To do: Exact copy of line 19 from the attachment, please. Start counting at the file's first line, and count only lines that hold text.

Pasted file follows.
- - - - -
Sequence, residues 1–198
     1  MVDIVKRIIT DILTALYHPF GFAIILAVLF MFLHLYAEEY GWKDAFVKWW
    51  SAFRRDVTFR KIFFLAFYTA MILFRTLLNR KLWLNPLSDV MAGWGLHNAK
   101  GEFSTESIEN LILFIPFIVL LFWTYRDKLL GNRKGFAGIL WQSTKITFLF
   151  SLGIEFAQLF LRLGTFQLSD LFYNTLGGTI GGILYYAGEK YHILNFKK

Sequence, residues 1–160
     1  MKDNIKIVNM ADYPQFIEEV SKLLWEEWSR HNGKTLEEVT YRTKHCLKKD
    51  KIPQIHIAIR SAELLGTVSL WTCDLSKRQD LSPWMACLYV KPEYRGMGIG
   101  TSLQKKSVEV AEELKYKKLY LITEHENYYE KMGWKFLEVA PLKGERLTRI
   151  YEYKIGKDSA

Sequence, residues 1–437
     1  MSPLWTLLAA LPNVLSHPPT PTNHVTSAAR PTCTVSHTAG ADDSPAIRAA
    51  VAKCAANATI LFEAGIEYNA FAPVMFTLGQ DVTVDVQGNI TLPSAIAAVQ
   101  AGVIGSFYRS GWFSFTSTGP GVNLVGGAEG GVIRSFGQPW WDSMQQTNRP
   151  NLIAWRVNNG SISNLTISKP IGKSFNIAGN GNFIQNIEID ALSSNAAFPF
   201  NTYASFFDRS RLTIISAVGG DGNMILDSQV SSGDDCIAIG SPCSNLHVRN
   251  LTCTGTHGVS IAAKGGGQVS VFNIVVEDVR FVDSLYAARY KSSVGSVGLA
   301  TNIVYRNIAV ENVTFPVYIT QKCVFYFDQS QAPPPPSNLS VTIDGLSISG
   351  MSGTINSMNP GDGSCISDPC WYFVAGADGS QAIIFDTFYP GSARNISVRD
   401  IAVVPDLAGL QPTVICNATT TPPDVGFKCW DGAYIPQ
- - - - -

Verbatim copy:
   351  MSGTINSMNP GDGSCISDPC WYFVAGADGS QAIIFDTFYP GSARNISVRD